It turns out the phrase was not based on it being so hot that dogs just lie on the asphalt panting. Instead, it comes from the Greeks and Romans. The “dog days” occurred around the day when Sirius (the dog star) appeared to rise just before the sun, in late July. They referred to these days as the hottest time of the year, a period that could bring fever, or even catastrophe. Now, catastrophe is a strong word, but there have definitely been winners and losers in my garden since the rains stopped. Insects have been doing well....
Dragonfly- maybe a skimmer or pondhawk? Cleverly hiding on a dead pyracantha twig 
 Green lynx spider in the goldenrod
 Katydid in the Pride of Barbados
Black and yellow argiope spider.. there were two on the Green Belt on either side of the path, easily two inches long (including their legs)..
As for my plants, well... Some have done fabulously..

This is my first year growing plumeria and I'm impressed by how well it does on a hot balcony with only sporadic watering.. The one below was a gifted cutting that I plunked into a pot just a few weeks ago and it is growing new leaves and continuing to flower.

I planted two Texas milkweeds from the Natural Gardener just before the rains stopped and they have settled in and spread out wonderfully. I have them to host Monarchs, but they also have beautiful blooms too.

I have come to really enjoy Turks cap. Mine haven't formed berries yet but their blooms are going strong.

This Mexican honeysuckle is in a very dry spot that blisters with afternoon sun and reflected light.

I have a number of Flame Acanthuses and most are orange- this red one is a lovely contrast.

My new pomegranate tree 

Mexican mint marigold

Some plants are so so..

Passionflower vine (all volunteer) looking a bit heated in the afternoon- though it is still putting out beautiful blooms.

Mistflower tucked in with the Turks cap up front getting chewed up by some insect..

Soft-leaf yucca looking sunburned

And then some plants are looking crispy..

This bulbine has seen better days

My Mexican Plum is droopy. A leftover patch of (much hated) bamboo roots have invaded the spot I planted it in and I'm afraid they are out competing the plum tree. I have chopped down any bamboo shoots but have not dug the roots as they are close to the plum tree roots (and it's a million degrees outside!). 

Oh well- I hope the plum tree pulls through but I may just be spending more time playing in water and pools than gardening much this month....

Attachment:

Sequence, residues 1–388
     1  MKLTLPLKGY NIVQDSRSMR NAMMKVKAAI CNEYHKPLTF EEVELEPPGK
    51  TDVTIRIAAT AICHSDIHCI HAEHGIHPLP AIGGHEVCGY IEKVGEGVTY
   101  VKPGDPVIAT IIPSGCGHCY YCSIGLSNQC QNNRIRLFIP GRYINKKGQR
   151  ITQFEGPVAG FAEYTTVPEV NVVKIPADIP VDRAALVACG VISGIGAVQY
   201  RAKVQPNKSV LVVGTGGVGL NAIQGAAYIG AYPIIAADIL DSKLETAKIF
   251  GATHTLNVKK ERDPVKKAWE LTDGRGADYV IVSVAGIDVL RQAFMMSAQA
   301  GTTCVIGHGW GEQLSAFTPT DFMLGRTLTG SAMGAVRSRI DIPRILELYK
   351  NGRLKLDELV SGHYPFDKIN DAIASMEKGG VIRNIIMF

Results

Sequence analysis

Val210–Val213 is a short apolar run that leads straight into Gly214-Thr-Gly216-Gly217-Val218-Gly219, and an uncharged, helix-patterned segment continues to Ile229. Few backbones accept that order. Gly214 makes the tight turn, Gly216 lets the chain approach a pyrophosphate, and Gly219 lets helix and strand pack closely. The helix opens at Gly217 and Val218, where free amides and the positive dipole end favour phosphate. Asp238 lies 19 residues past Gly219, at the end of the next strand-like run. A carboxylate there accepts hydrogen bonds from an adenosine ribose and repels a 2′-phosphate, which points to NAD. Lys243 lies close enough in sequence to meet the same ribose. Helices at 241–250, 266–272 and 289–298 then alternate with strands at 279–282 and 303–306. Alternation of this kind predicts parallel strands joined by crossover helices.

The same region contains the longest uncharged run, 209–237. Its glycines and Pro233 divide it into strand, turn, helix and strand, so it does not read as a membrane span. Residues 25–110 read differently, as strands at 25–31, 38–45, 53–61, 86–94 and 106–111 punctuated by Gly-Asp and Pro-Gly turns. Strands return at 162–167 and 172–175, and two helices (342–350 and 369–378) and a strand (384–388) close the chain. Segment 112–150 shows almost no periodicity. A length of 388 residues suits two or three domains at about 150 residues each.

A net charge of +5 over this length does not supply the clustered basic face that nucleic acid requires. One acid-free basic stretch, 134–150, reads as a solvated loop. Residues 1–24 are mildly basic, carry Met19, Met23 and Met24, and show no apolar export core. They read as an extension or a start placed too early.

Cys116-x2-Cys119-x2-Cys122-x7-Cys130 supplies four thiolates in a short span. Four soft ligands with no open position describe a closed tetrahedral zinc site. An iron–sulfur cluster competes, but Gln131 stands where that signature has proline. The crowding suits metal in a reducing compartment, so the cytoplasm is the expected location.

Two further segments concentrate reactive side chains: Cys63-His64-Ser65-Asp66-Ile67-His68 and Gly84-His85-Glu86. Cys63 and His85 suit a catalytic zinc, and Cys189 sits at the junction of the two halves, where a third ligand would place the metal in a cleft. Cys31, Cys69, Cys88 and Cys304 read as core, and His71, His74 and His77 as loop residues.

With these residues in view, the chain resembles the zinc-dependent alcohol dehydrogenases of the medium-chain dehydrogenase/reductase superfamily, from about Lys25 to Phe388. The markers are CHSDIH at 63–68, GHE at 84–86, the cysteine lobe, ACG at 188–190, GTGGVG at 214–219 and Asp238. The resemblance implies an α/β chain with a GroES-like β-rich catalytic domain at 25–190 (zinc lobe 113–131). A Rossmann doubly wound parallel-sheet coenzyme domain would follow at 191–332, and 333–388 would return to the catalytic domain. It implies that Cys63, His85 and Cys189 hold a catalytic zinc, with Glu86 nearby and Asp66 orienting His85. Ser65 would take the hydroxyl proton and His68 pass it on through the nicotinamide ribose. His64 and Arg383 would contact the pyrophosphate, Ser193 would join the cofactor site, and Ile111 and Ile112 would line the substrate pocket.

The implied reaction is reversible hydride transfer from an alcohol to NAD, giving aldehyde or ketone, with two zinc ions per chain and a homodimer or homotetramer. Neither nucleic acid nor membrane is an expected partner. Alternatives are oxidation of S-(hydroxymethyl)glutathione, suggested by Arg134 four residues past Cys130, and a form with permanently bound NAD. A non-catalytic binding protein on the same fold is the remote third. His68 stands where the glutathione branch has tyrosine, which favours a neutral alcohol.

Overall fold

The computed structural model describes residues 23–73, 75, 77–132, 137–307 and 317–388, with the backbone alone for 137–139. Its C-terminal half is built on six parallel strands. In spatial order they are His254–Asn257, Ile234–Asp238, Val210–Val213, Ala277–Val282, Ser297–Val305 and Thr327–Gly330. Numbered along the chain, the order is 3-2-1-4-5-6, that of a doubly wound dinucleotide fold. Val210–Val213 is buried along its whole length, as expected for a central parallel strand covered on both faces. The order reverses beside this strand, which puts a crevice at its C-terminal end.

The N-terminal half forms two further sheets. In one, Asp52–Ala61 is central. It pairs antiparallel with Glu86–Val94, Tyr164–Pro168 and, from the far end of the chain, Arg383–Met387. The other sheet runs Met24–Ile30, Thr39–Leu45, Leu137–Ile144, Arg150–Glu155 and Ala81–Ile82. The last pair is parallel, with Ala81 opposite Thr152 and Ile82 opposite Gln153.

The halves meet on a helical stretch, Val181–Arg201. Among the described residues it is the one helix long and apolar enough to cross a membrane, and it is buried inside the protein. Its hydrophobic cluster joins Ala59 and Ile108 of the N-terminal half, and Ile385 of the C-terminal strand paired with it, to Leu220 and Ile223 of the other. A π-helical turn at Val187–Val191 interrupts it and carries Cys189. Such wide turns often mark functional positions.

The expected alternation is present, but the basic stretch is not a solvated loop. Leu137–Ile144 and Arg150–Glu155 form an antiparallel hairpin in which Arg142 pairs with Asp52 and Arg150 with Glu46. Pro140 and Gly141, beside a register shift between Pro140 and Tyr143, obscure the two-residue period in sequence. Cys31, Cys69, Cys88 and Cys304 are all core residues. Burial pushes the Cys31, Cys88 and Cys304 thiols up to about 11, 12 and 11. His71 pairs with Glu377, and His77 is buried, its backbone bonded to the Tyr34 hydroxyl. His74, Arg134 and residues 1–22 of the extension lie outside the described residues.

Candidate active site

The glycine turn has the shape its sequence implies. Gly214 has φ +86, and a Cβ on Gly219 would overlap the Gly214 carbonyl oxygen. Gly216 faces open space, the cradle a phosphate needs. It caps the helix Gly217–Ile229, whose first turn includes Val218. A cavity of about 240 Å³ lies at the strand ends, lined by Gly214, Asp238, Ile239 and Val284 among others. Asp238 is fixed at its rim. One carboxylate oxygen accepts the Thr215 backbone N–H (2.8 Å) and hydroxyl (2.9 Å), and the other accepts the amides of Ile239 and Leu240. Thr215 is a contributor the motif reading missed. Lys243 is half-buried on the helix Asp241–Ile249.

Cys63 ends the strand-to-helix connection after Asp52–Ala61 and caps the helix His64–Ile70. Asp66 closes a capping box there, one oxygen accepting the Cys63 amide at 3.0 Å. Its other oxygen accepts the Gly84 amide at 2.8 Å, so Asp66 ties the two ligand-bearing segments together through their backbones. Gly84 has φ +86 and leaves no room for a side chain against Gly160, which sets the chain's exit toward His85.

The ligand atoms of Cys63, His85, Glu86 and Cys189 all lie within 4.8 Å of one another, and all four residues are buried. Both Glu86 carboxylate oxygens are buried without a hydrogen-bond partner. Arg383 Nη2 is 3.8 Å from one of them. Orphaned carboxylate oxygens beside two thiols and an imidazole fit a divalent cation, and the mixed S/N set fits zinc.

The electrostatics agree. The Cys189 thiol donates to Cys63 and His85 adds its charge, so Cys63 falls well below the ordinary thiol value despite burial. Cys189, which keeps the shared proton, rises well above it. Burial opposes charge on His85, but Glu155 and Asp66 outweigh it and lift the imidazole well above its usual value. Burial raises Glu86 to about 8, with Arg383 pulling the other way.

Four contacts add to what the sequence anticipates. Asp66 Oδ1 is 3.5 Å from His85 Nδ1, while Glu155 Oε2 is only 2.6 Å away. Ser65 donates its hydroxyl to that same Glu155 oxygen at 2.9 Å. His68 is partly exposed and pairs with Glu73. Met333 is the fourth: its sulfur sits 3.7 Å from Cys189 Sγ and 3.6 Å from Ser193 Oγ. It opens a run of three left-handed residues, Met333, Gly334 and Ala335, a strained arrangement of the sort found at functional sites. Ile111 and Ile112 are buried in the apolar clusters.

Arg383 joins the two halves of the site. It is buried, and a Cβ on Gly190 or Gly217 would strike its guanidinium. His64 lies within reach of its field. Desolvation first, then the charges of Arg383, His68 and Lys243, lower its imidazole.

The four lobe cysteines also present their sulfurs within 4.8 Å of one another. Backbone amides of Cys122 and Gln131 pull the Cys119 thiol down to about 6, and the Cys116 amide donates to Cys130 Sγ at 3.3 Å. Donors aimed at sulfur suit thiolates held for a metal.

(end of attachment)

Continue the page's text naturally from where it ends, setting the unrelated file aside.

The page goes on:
Green Belt goodness a few weeks ago- ah!

Thanks to Tina at for hosting Wildlfe Wednesday! 

Sunday, June 28, 2015

Enthusiastic volunteers..

My common sunflowers have done their annual take-over of the back garden. Spreading their branches in the sun, I have to duck around them to navigate the space..

They are cheerful, native, feed wildlife and my hens, so I shouldn't complain. I only dislike when they become old, dry and woody and I get splinters from their prickly stems..

I have finally ID'ed this volunteer plant:

It pops up all over the back and is a Bladderpod sida (Rhynchosida physocalyx). It is also native if considered a bit weedy. It must benefit native bees somehow since it continues to propagate in my dry caliche back area..

I threw out multiple native wildflower seed packets last fall in the front yard with little success. Perhaps it was the mulch on the ground, or my errant chickens that escape the back and eat everything, but the primary plants that have chosen to spread are coneflowers (native!) and these pink zinnias (not.). The zinnias have popped up everywhere and I'm ok with that since they do fairly well even in the summer. They still attract bees and butterflies :)

I installed a new circular bed in the back this spring and filled it with plants that should tolerate dry heat (a blue nolina, silver ponyfoot, globe mallow and mexican bush sages). Of course I added compost from my bin to improve the awful soil and with all the rain I have a fun collection of squashes and melons (I think). I'll have to water carefully when it gets hotter so the more xeric plants don't get overwatered..

Acorn squash- of course more productive than any I ever plant on purpose!

Perhaps a melon?

My cenizos have made a couple of volunteer plantlets, but I have been reluctant to encourage them since they grow so big. But I may reconsider since they produce such a beautiful show of flowers after the rain!

And finally I have a couple of new natives that I hope will decide to stick around. My Texas milkweed is battling aphids after I squashed some larger milkweed bugs- I'm waiting for the ladybugs to discover the plants and save the day. And I added a white pavonia in a blank spot in the back and am enjoying it's delicate flowers..

Tuesday, June 16, 2015

June Blooms!

Thanks to Carol at for hosting Garden Blogger's Bloom Day. My natives have enjoyed the rain with many blooms:

Purple and white coneflowers in the dry back

My standing cypress and common sunflowers are taller than I am! Each year I plan to weed out some of the sunflowers since they take up so much room but they are so cheerful and easy that I always end up leaving them.

Turk's cap

Butterfly weed hoping to attract monarchs!

Volunteer passionflower vines that popped up near a convenient trellis (a handrail for my steps!). The vines are covered in Gulf Frittillary caterpillars in various stages- it is fun to watch the "nursery" in action.

Coral honeysuckle coming back after its huge spring bloom. I watched a hummingbird happily flit from this to my Peter's Purple Monarda multiple times this afternoon.

Society garlic- protected from the chickens (they think it's tasty..).

A Pride of Barbados bloom in the front. They are not native to Texas but they perform beautifully in dry sunny conditions.

Happy Garden Blogger's Bloom Day!